Kate Harrington



Born: Sep­tem­ber 20, 1831, Al­le­ghe­ny Ci­ty, Penn­syl­van­ia.

Died: May 29, 1917, Ft. Ma­di­son, Io­wa.

Buried: Farm­ing­ton Ce­me­te­ry, Farm­ing­ton, Io­wa.


Rebecca was the daugh­ter of Pro­fes­sor N. R. Smith, a play­wright and au­thor­i­ty on Shakes­peare, and wife of James Poll­ard.

A teach­er, writ­er and po­et, she spent her most pro­duc­tive years in Io­wa. She was the anon­y­mous au­thor of Em­ma Bart­lett, or Pre­ju­dice and Fa­na­ti­ci­sm, a fic­tion­al re­ply to Uncle Tom’s Ca­bin, in­tend­ed to ex­pose the hy­po­cr­isy of Know-Nothing­ism.

Pollard’s fa­mi­ly moved to Ohio, then Ken­tuc­ky, where she worked as a teach­er. Lat­er, she taught in Chi­ca­go, Il­li­nois.

She lived in var­i­ous Io­wa ci­ties, in­clud­ing Farm­ing­ton, Keo­sau­qua, Bur­ling­ton, Ft. Ma­di­son and Ke­o­kuk.


She be­gan her writ­ing ca­reer with the Lou­is­ville Jour­nal, whose ed­it­or op­posed se­ces­sion and was an im­port­ant in­flu­ence in keep­ing Kentuc­ky in the Un­ion.

In her Let­ters from a Prair­ie Cot­tage, Pol­lard in­clud­ed a child­ren’s cor­ner with tales about tam­ing and rais­ing an­i­mals and of a cat who adopt­ed or­phan chicks. She al­so wrote child­ren’s books, in­clud­ing a prim­er and a spell­er.

Pollard’s work in the field of read­ing rep­re­sent­ed a pi­o­neer ef­fort to cre­ate a se­quen­tial read­ing pro­gram of in­ten­sive synt­he­tic phon­ics, created, comp­lete with a sep­a­rate teach­er’s man­u­al and spell­ing and read­ing books, and mov­ing in­to a broad based grad­ed ser­ies of li­ter­a­ture read­ers.

Her ser­ies is im­port­ant for its high cor­re­la­tion of spell­ing and read­ing in­struc­tion, for its con­cern for the in­ter­ests of child­ren, for its in­cor­po­ra­tion of mu­sic in­to the pro­cess of learn­ing to read, and as the fore­run­ner for oth­er phon­ics sys­tems. Her read­ers were used in ev­ery state in Am­er­i­ca, and were used in Ke­o­kuk, Io­wa, as late as 1937. Few wo­men have sin­gle-hand­ed­ly con­trib­ut­ed so much to the field of read­ing.

In 1869, Poll­ard pub­lished a book of po­ems titled May­mie, as a trib­ute to her ten year old daugh­ter who died that year. She fol­lowed up the next year with In Me­mor­i­am, May­mie, Ap­ril 6th, 1869, a med­i­ta­tion on death and suf­fer­ing.

Em­ma Bart­lett re­ceived mixed re­views when it was pub­lished in 1856. The Ohio States­man gave a ve­ry good re­view, but the Cin­cin­na­ti Times said, We have read this book. We pro­nounce the plot an ex­cel­lent one and the style charm­ing, but she has failed to ful­fill the in­tend­ed mis­sion of the book. It ac­cused her of al­so show­ing pre­ju­dice and fa­na­ti­cism ty­pi­cal of the pol­i­ti­cians she tried to de­fend.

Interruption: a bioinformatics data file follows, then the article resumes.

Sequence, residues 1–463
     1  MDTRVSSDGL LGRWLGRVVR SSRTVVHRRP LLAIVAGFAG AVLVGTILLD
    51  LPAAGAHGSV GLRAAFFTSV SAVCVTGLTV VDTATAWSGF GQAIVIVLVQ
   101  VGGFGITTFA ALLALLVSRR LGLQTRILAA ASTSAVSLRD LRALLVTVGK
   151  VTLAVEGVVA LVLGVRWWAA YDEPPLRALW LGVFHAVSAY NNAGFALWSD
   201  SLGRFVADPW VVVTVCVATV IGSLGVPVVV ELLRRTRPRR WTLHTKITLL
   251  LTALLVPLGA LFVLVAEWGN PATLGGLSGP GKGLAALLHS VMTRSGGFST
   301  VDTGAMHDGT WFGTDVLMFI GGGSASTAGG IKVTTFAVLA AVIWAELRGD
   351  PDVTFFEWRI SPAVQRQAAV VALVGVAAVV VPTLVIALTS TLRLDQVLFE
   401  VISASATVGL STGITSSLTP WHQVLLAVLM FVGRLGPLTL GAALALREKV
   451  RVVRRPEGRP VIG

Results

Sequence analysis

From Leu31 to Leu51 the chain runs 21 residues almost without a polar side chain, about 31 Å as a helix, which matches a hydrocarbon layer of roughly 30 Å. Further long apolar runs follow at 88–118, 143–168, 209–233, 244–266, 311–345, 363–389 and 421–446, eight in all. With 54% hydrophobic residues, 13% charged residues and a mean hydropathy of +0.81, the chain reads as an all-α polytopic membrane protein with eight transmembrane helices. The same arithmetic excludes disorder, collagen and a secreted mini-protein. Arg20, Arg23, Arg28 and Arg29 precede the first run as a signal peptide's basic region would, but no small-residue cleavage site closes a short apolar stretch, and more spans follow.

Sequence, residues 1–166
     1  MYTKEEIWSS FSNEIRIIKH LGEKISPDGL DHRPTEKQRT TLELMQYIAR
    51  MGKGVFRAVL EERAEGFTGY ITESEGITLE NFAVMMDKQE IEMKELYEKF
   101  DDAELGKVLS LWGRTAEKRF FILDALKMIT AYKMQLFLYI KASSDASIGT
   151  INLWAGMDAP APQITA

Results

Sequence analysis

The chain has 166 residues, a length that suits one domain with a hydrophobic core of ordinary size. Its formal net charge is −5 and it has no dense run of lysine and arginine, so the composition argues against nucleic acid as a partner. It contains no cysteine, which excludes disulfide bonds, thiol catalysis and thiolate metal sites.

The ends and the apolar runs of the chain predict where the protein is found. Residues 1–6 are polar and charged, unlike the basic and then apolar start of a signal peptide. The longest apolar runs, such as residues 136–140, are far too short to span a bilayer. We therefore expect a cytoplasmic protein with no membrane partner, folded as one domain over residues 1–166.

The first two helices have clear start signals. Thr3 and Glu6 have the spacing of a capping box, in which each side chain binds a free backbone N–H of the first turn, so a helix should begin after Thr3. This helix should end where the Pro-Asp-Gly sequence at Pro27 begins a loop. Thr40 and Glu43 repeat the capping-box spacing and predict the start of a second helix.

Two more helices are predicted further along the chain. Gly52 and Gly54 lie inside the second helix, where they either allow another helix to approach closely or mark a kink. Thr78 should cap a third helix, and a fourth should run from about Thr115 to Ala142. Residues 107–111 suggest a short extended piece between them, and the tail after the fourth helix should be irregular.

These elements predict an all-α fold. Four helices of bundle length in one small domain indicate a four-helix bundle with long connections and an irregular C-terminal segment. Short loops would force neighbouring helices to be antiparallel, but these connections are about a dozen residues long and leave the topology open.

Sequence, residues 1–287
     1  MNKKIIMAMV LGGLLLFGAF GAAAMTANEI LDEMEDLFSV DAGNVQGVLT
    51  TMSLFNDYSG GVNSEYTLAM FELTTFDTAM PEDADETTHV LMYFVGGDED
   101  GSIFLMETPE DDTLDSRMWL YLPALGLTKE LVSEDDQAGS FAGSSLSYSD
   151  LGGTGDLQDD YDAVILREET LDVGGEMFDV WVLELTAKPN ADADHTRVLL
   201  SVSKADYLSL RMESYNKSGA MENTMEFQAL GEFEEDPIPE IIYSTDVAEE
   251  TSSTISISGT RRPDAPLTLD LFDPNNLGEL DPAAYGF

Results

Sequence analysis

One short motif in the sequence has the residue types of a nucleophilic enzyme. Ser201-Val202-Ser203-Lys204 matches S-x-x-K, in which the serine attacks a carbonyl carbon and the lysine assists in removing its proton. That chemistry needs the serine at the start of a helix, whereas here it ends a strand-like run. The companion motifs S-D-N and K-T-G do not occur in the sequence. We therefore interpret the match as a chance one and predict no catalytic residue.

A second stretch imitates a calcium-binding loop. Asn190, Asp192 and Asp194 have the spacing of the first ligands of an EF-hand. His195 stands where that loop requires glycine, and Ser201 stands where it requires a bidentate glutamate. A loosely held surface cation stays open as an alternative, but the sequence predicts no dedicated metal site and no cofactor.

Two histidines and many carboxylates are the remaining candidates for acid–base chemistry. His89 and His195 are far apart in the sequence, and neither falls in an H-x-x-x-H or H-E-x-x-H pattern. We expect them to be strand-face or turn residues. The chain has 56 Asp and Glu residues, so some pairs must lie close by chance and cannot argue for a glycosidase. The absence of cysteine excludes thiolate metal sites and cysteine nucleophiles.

In 1876, she pub­lished Cen­ten­ni­al, and Oth­er Po­ems to com­mem­o­rate the 100th an­ni­ver­sa­ry of the Am­er­i­can De­cla­ra­tion of In­de­pen­dence, and the Cen­ten­nial Ex­po­si­tion in Phi­la­del­phia, Penn­syl­van­ia, the first of­fi­cial World’s Fair held in the Unit­ed States. The vol­ume in­clud­ed ma­ny po­ems about Io­wa, se­lect­ed po­ems of Pol­lard’s fa­ther, and il­lus­tra­tions of the Cen­ten­nial grounds in Phi­la­del­phia.

Pollard was 79 years old when she pro­duced the po­em, Al­thea or Morn­ing Gl­ory, which re­lates to Io­wa.



’Tis not death, but only gliding
Upward through the pearly gate,
Just to see that all is ready;
Just a little while to wait.
Just to fan the Eden bowers
With her new-tried angel wings,
And to sweep her snowy fingers
O’er her harp of golden strings.

’Tis not death, but only mingling
With those bright, angelic throngs,
That the blessed ones may teach her
All their grand, triumphant songs.
She will learn them of the angels;
She will know them when we come,
And, before we reach the portal,
We shall hear her, Welcome home!

’Tis not death, but only hastening
To the loved ones gone before,
Just to learn how love unmeasured
Shall be hers forevermore.
Just to feel her spirit folded
In a father’s warm embrace,
And to gaze, with joy and rapture,
On an angel sister’s face.

’Tis not death—the soul’s releasing—
Bursting of its prison bars—
Bounding back to God who gave it—
Mounting upward to the stars—
Is but life—’tis life eternal
Here to close the weary eyes
But to open them, with transport,
On the beams of Paradise.

’Tis not death: we have not lost her:
She has only gone before,
Just to hold a welcome ready
When we reach the shining shore.
Earthly ties are loosening round us,
Earthly hopes are laid aside;
Here in flesh, but there in spirit—
Heaven is home since Maymie died.

Rebecca Pollard (Kate Har­ring­ton)
In Me­mor­i­am. May­mie. April 6, 1869, 1870



Help Needed

If you know where to get a good pho­to of Pol­lard (head-and-shoul­ders, at least 200×300 pix­els), would you ?